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How to Get Abs Without Doing Tons of Extra Core Work

Make Extra Time Count

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Got a few minutes before class? Don't waste them! Do these three one-minute standing ab moves from exercise physiologist Tom Holland, the author of Beat the Gym: March in place with arms overhead, and draw both elbows down toward your knee with every lift. Next, alternate bringing one elbow to your opposite knee. Finally, alternate lifting one straight leg in front as you reach for the toes with your opposite hand. "These moves not only target your core but also provide a great warm-up," he says. (Or try these other standing abs exercise ideas.)

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Do Drills

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"During your run, throw in a few sets of carioca running drills throughout the workout," Holland says. Lift your arms out to the sides. Twist from your midsection as you move laterally to the right, stepping your left leg across and in front of your right leg. Then bring the right leg back out to the right (so hips are square again), and step your left leg behind your right leg. Continue, then switch sides and repeat. "This simple technique adds some quality core work," Holland explains. (Here are more core-strenghthening methods besides planks and crunches.)

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Crank Your Crunches

how to get abs with bicycle crunches

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"When doing bicycle crunches, look at your rear elbow to increase the amount of contraction in your obliques," says Michele Olson, Ph.D., a professor of sport science at Huntingdon College in Montgomery, Alabama. For example, when you twist to the left, look at your left elbow as you bring the right elbow to touch your left knee. (For a challenge, attempt the most intense obliques workout ever.)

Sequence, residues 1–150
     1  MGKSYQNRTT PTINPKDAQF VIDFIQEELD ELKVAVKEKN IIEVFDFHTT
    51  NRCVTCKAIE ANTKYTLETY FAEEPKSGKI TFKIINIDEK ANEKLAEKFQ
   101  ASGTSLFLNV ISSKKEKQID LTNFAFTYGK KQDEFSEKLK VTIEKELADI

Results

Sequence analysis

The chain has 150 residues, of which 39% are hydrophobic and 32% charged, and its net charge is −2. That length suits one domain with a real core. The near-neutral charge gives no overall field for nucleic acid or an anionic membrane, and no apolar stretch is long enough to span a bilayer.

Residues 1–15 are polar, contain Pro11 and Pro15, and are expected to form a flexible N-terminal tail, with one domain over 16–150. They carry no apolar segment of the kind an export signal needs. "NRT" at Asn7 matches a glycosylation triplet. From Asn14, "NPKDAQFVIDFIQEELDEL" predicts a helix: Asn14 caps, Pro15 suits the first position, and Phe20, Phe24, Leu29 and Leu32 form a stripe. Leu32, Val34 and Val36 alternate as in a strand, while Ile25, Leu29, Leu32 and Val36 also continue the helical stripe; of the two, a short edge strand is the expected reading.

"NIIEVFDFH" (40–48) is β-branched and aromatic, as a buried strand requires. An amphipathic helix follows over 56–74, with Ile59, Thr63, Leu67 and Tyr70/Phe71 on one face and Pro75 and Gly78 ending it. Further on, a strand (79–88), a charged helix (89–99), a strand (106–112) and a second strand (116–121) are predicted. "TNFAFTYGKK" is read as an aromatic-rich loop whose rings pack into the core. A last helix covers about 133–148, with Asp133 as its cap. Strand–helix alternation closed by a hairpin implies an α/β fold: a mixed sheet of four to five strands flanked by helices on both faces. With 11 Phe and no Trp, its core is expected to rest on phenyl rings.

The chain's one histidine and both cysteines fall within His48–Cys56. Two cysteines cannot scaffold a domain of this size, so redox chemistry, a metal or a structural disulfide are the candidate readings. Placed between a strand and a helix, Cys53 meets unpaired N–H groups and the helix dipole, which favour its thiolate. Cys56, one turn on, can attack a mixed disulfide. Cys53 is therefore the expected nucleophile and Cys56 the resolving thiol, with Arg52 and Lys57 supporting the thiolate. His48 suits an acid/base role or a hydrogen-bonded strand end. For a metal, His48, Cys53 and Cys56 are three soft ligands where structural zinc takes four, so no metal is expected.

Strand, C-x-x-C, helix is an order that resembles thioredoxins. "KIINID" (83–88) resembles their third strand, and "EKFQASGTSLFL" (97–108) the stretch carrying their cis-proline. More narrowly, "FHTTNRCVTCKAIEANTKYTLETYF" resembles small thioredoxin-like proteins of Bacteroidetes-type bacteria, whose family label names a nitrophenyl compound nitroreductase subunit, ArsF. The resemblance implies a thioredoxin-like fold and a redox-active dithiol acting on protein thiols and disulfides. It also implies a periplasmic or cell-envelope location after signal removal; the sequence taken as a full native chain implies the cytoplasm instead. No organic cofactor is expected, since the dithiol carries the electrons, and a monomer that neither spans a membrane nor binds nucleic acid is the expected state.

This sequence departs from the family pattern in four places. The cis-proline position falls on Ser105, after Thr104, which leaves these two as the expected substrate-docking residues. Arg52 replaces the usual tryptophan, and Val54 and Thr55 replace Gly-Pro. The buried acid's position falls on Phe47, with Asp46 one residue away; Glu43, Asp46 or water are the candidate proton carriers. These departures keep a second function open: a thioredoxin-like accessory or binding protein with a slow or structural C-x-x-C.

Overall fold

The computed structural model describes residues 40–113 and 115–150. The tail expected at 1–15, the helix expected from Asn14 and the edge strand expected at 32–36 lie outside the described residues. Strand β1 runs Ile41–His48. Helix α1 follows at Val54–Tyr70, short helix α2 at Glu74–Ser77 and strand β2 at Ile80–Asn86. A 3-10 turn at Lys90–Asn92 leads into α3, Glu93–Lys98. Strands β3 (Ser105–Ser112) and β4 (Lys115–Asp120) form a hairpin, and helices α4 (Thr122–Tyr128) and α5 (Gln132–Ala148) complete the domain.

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Really Go Hands-On at the Barre

how to get abs with barre workouts

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"Use the barre to get a stronger abdominal contraction by pressing your hands or forearms into it and drawing your shoulder blades down your back as you pull the abs in and up," says Tracey Mallett, creator of the Bbarreless and Bootybarre classes, available at gyms across the country. "Your arms should always be resisting the barre, never just passively holding it." (Just don't go overboard shifting your pelvis. If you do, the barre tuck can actually do more damage than good.)

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Use Your Breath

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Inhale as you lower into a squat, and exhale through your mouth as you come up. "That exhale technique helps you activate your deep abdominal muscles," says Natalie Yco, a trainer in Los Angeles who has worked with celebs like Emmy Rossum and Zooey Deschanel. "The same thing applies to boxing: Exhaling when you punch stabilizes your core and gives you more power." (This is how you should breathe during exercise to get the maximum benefits.)

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Work with Both Sides

how to get abs with yoga workouts